New Jersey authorities are set to allow Internet betting on horse races, according to a report in the Star-Ledger this week, which reveals that two publicly owned tracks are expected to lose $20.8 million next year, according to the New Jersey Sports and Exposition Authority, which runs the Meadowlands and Monmouth Park racetracks. This year, the tracks are set to lose $16.9 million.
"All told, the authority expects to take in $238.5 million in operating revenues next year, a decline of nearly $5 million, according to the budget approved yesterday. In a cost-cutting move, the authority has imposed a hiring freeze for next year, with staffing levels already down 5 percent compared with 2007," the Star-Ledger reveals.
Authority officials remain anxious about the continuing decline in the racing business, with horse breeders and owners proposing that the tracks should be allowed to run slot machines. However, New Jersey based land casinos adamantly oppose the plan, saying the competition would hurt their business in Atlantic City. Casinos are paying $90 million in exchange for the tracks' agreement not to add slots before the end of 2011.
The bright spot for the horseracing fraternity has been that income from Internet, phone and off-track wagering is rising. The authority predicts such operations will take in $9.3 million after expenses next year, a roughly $220 000 increase over this year's expected results. Horse race betting over the Internet is exempted from anti-online gambling laws in the United States.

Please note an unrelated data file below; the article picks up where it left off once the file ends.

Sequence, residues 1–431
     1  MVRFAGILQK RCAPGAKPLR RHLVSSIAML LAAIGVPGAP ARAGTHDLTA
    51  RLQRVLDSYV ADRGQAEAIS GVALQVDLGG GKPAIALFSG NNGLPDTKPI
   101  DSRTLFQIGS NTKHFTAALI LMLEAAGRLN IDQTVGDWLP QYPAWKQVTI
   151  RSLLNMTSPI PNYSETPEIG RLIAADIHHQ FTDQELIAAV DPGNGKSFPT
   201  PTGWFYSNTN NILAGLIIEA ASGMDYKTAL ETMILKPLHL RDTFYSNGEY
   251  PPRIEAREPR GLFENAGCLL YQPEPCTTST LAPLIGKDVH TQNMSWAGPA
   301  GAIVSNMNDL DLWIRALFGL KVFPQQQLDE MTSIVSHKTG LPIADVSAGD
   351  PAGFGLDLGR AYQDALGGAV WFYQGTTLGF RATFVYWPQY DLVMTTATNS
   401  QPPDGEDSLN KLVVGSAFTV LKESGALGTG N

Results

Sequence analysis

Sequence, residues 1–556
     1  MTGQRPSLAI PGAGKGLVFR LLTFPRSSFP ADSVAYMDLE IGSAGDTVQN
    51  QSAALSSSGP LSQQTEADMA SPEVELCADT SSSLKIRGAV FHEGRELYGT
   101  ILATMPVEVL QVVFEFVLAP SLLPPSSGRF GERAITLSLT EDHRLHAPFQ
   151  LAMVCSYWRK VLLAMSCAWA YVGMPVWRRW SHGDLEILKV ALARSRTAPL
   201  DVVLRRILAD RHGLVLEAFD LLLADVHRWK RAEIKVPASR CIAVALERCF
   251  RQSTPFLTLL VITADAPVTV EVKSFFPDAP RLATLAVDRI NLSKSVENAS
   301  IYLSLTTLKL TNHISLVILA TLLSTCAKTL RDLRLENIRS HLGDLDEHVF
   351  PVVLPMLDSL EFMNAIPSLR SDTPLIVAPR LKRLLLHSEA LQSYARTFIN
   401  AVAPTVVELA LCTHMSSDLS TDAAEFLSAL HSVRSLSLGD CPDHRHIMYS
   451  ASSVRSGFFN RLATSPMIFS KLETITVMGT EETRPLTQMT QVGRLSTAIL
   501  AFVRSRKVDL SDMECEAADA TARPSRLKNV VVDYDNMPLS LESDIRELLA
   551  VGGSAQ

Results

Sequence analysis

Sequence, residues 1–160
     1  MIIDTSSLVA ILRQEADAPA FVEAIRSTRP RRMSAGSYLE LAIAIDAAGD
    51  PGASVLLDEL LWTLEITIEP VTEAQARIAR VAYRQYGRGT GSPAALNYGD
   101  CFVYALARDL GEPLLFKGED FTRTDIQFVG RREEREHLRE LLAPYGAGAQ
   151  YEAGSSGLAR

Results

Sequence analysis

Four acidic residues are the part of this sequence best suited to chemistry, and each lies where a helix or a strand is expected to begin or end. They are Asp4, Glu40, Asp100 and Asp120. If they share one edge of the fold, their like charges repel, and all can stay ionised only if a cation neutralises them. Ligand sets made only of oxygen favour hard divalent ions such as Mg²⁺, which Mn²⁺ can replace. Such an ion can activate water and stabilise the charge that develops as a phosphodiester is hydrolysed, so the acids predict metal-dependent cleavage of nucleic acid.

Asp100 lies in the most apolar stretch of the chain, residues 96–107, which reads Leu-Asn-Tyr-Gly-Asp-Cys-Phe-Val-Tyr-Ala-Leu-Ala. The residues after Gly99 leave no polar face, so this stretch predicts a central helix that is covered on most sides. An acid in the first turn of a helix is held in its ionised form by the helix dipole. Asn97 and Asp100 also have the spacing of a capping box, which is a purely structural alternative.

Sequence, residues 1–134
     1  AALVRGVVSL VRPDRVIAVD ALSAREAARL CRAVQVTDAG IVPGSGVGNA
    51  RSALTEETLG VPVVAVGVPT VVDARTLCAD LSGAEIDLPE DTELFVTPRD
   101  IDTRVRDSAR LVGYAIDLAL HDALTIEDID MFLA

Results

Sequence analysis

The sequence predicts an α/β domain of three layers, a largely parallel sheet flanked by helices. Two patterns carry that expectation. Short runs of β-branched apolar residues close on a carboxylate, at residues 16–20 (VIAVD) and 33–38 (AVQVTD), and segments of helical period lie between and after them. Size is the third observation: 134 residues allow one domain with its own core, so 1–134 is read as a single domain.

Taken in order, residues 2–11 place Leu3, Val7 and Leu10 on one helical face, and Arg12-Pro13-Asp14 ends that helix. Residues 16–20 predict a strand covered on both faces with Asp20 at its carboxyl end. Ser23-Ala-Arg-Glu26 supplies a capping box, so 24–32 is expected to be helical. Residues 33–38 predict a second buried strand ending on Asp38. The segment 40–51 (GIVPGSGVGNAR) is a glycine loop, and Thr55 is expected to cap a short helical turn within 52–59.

Despite the rise in wagering through these media, it is not sufficient to "ensure the economic viability of horse racing," said Carl Goldberg, chair of the sports authority.
But the authority hopes that mobile 'on premises' wagering could debut as early as January 2009, and will help improve the bottom line.
The system requires users to download software to a device that uses the Windows Mobile operating system. The software, produced by Sona Mobile, provides information on betting odds, horses, trainers and jockeys, and allows users to place online bets. Eventually, the authority expects to broadcast live racing videos to mobile devices.
Tracks in Europe and Asia have offered mobile betting software for three to five years, said David Schwartz, director of the Center for Gaming Research at the University of Nevada in Las Vegas.
Wagerers "might bet more because it will make it more convenient," Schwartz said. Plus, he said, such software allows tracks to hire fewer betting clerks and phone operators.
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